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Technology: Thimble gets in touch with reality

作者:阮铡    发布时间:2019-03-02 02:15:00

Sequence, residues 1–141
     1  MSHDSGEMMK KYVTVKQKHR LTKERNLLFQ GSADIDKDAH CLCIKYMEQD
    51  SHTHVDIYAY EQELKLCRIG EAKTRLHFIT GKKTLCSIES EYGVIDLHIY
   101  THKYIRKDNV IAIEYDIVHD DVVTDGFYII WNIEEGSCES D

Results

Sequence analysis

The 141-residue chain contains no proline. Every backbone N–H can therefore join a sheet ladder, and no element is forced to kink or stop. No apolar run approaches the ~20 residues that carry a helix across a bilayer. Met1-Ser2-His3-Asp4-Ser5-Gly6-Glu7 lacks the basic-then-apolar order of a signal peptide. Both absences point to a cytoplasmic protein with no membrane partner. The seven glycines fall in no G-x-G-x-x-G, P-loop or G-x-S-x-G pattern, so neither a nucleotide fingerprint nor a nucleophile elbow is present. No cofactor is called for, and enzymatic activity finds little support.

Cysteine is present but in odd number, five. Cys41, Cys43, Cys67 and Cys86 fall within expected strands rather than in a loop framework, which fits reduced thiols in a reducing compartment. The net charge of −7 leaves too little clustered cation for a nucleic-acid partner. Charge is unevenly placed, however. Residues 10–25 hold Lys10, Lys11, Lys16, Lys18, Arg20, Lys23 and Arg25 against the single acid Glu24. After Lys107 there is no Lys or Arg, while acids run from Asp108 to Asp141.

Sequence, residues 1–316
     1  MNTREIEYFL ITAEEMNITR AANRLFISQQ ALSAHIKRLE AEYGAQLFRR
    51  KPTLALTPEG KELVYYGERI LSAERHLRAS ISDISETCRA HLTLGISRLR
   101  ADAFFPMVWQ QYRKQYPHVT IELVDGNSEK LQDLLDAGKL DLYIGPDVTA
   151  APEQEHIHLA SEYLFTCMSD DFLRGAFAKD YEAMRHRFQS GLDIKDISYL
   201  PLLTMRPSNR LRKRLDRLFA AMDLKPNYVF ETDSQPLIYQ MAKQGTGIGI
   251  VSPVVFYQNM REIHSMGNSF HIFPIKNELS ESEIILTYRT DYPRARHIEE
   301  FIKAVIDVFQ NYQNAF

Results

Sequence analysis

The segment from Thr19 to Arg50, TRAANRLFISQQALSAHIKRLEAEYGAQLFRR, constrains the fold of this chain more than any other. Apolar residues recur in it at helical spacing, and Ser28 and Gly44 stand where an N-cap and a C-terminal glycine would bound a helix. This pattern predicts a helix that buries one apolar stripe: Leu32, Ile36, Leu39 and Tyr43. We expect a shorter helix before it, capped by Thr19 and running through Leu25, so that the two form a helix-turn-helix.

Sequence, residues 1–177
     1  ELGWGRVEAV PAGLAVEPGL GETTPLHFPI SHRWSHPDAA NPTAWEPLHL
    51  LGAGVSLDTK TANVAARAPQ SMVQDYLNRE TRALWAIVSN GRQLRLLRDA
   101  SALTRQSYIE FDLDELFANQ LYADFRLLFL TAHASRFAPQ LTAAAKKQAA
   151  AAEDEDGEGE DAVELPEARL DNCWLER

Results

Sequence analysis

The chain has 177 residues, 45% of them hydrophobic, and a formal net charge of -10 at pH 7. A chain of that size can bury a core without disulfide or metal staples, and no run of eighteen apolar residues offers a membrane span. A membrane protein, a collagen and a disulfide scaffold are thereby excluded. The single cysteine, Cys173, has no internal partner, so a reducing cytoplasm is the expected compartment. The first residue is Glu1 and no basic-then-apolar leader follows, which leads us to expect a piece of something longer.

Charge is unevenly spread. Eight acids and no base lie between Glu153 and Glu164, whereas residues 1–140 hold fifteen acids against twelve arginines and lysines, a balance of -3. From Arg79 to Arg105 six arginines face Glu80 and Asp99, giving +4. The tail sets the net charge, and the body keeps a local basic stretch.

By DAVID ANSLEY in MASSACHUSETTS A young engineer has developed a surprisingly simple way to add the element of touch to virtual environments: a thimble. Suspended by aluminium rods just above a desk, and controlled by computer-driven motors, levers and cables, the thimble can exert a variable force on a user’s fingertip, creating the illusion of touching solid objects such as slippery boxes, bouncing balls and even living flesh by mimicking their resistance to pressure and movement. Thomas Massie, a graduate student at the Massachusetts Institute of Technology, invented the device, which he calls the Phantom. He believes that when fully developed it will enable users to pick up and juggle nonexistent objects or to feel objects being handled by distant robots. Massie, 23, and his adviser Kenneth Salisbury, have applied for a US patent on the device. Massie has already built and sold five of them for $12 000 each to other researchers. ‘I think it’s going to be important,’ says Nathaniel Durlach, managing editor of the journal Presence, which surveys research in virtual environments and teleoperators. Interest in virtual environments, and especially their entertainment potential, has blossomed as manufacturers of computer hardware and software learn how to create convincing artificial worlds that users can view, hear and move through, using helmets incorporating headphones and tiny televisions. But the mechanisms needed to deliver a high-fidelity sense of touch have lagged behind, spoiling the illusion, because the element of touch is missing. ‘Most of us do not go through life with our hands tied behind our backs,’ says Durlach. Some researchers have made gloves that ‘announce’ hard surfaces by vibrating or inflating tiny air sacs against the fingertips. But they cannot stop a user from putting a fist through a virtual wall. Devices with the necessary ‘force reflection’ tend to be complex motorised gloves or sleeves. Massie’s solution was to greatly simplify the problem. He designed a system that only needs to know and control the location of just a single point in space, represented by the thimble’s tip. The programs can be run on a PC, and the lightweight hardware delivers surprisingly persuasive responses by pressing against or resisting the user’s fingertip. The demonstrations created by Massie include a tabletop version of handball in which the players can sense different balls’ varying mass and inertia, a virtual paintbrush that responds to the brush pressure and speed of movement, a keyboard with keys that feel as springy as real ones, and even a squishy fingertip tour of a rectum and prostate gland – an application intended to suggest the device’s potential for medical training. Massie did not expect the device to give such a realistic effect, but soon decided to patent and market it. ‘I’ve got a product, I guess I should get a company,’ he says. He sold his first models in December. The Phantom’s first users will be researchers in virtual environment laboratories who are looking for a source of realistic touch. One group is working on a US Navy project to instruct submarine pilots and aircraft mechanics. Massie and Salisbury are already planning multifinger versions to allow the user to grasp objects and versions that respond to torque so that a real screwdriver can turn a phantom screw. The first commercial use, Massie believes, will be to enhance the virtual environment programs now used to train surgeons. He also foresees its use by product designers who want to pick up and feel prototypes designed on computers. For the mass market, he envisages students using Phantoms to roam freely through catalogues of irreplaceable museum specimens and to handle electronic replicas of ceramics, stone tools,

 

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